Parashat Bamidbar: Is It Worth It?
The Torah in Parashat Bamidbar tells of the role assigned to the Leviyim to transport the Mishkan (Tabernacle) when Beneh Yisrael traveled. We read how the Kohanim were responsible for designating the Leviyim for their individual roles, such that each and every Levi knew precisely which item he needed to carry during travel. The Midrash comments that this was necessary because the Leviyim would fight over the privilege of carrying the most sacred item – the Aron (ark). Each Levi vied for the opportunity to transport the Aron which contained the two tablets and upon which the Divine Presence resided. This resulted in violent and even fatal clashes among the Leviyim, and G-d therefore instructed the Kohanim to appoint each Levi to a particular role, so each one would know his job and the fighting would stop.
The Mesilat Yesharim (chapter 20) cites this Midrash amidst his discussion of “Mishkal Ha’hasidut” – the “scale of piety.” He explains that there is certainly great value in “Hasidut,” in going beyond the strict requirements of Halacha and taking upon oneself additional measures of piety. A child who truly loves his father will not just obey his father’s wishes, but also do what he feels will make his father happy. Similarly, if we are truly devoted to the Almighty, we will do not only what He demands of us, but even more. However, the Mesilat Yesharim warns, extreme care must be taken when accepting upon ourselves additional measures of “Hasidut” to ensure that these measures are indeed achieving their desired goal. Very often, such measures have adverse “side effects,” and we need to think long and hard whether the pious act in question is truly worth the undesirable consequences. Of course, when it comes to our strict Halachic requirements, we must fulfill our obligations regardless of what this entails. But when it comes to “Hasidut,” we must weight our actions on the “Mishkal Ha’hasidut”; we must weigh their value against the adverse effects they may cause, and then determine whether they are indeed “pious” and worth the consequences.
The Leviyim genuinely sought to fulfill the great Misva of transporting the Aron, but their desire for this privilege led them to fight with and harm other people. If this is the result of their attempts to carry the Aron, then this pious act fails the “Mishkal Ha’hasidut.” Quite simply, it is not worth it. There is no question that we should not be taking upon ourselves voluntary measures of piety if this causes fighting and discord.
It is told that Rav Yisrael Salanter was once seen using a small amount of water for Netilat Yadayim, just enough to fulfill the strict Halachic requirement. The onlookers were puzzled, as the Gemara speaks of the value in using copious amounts of water, and how it brings wealth. (The word “Mayim” – “water” – has been viewed as an acrostic for “Maleh Yadenu Mi’birchotecha” – “fill our hands with Your blessings.”) They asked the Rabbi why he used such a small amount of water for this Misva, and he explained that the water was brought to the meal by the elderly maid who carried water on her back.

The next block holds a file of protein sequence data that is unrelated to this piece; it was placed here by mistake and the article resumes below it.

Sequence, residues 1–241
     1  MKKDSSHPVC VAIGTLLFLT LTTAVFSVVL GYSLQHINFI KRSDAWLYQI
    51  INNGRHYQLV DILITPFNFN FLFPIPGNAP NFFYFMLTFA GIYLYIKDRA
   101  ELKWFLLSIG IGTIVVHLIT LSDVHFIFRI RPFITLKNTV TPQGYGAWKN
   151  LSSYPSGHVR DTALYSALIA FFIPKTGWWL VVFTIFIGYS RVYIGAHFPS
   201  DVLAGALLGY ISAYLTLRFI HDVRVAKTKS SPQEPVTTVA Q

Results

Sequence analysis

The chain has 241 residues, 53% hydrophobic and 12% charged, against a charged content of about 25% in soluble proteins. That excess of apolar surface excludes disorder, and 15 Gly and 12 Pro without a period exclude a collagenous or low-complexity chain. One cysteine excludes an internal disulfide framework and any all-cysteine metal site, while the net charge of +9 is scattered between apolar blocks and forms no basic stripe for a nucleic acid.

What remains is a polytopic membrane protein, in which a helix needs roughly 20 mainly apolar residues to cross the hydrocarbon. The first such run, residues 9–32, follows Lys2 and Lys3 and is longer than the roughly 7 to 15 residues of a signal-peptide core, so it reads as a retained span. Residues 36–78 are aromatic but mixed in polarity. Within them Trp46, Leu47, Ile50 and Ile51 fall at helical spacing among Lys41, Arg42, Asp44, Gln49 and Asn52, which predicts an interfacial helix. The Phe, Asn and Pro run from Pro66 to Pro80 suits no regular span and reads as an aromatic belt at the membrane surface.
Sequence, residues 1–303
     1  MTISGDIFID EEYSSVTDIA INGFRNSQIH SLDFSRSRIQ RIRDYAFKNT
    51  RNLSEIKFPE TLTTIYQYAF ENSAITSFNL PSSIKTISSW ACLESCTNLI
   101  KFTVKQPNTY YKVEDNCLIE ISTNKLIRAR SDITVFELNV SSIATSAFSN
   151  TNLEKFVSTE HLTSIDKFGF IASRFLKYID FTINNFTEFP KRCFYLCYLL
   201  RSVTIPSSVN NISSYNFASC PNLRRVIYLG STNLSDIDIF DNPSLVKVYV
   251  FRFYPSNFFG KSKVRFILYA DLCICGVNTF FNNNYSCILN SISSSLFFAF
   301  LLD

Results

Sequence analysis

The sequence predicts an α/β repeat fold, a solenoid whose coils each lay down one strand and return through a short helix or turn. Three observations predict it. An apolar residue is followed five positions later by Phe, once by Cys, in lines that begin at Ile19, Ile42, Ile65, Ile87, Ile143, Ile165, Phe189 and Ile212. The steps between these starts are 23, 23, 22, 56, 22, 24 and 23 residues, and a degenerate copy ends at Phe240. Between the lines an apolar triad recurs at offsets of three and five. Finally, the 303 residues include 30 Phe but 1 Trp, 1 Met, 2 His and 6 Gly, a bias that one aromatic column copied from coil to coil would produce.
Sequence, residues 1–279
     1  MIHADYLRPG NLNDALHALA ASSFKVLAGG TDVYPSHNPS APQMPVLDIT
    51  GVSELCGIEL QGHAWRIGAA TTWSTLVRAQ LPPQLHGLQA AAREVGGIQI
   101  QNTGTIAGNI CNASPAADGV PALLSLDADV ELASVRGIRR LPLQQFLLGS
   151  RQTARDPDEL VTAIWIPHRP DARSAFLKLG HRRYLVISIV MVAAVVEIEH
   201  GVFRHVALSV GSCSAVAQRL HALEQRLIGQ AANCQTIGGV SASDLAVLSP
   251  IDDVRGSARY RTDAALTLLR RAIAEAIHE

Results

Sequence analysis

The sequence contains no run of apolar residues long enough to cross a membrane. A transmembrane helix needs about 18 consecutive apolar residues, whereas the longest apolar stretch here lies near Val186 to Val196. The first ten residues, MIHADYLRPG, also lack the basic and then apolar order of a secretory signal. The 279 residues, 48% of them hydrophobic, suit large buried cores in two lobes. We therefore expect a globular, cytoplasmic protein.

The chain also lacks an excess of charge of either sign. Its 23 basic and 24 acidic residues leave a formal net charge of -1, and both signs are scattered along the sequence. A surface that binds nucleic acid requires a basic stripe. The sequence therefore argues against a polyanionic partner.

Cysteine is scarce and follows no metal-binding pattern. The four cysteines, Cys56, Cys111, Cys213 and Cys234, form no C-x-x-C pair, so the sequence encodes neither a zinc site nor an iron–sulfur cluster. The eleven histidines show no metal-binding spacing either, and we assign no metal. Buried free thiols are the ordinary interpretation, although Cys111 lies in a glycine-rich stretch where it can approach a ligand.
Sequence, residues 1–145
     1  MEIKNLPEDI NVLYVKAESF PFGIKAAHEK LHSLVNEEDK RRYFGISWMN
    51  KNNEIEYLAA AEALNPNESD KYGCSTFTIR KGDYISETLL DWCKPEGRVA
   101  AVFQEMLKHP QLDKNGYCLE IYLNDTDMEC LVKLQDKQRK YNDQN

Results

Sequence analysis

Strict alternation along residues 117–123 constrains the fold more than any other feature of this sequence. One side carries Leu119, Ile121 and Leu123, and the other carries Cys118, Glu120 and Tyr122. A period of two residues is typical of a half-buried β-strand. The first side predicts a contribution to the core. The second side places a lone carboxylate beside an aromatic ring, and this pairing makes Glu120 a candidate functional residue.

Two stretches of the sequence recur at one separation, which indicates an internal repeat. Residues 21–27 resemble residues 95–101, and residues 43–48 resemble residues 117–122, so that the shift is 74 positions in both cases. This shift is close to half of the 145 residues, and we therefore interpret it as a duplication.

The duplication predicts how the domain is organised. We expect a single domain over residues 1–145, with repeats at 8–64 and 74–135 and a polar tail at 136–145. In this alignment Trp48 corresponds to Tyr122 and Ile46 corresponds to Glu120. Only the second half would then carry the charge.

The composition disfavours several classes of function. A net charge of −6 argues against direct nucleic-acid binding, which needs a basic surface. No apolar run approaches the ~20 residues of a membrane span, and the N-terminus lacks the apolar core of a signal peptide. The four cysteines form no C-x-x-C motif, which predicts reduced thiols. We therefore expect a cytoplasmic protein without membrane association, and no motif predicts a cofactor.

“Is it right for me to earn blessings on this woman’s back?” the Rabbi rhetorically asked.
Rav Yisrael understood that the concern not to overburden a hardworking housekeeper was far more important than using large amounts water beyond that which Halacha strictly requires.
Another story is told of the Hafetz Haim, who once hosted guests for Friday night who were astonished to see the Rabbi begin Kiddush as soon as he returned from the synagogue, without singing “Shalom Alechem.”
“The Rabbi does not sing ‘Shalom Alechem’ on Friday night?” they asked.
“I know that you have not eaten all day,” the great Sage explained. “The angels don’t need to eat, so they can wait for ‘Shalom Alechem.’ But I should not make you wait when you are hungry so I can sing.”
There are many situations when we need to keep this perspective in mind, and ensure to maintain our priorities when measures that are not strictly required can harm other people. Although one brings great merit to a deceased parent’s soul by leading the prayer services, one brings far greater merit to the soul by allowing somebody else to lead the service in the interest of avoiding conflict. Similarly, Rav Avraham Pam would instruct his students not to continue dancing after a wedding when the parents and other guests want to go home. As important as it is to dance with the groom, as the hour gets late it is more important to show sensitivity to those who need to leave.
As valuable as it is to “carry the Aron,” to go beyond our strict obligations to get close to Hashem, we must always ensure that the extra measures are truly worth it, and do not cause more harm than good.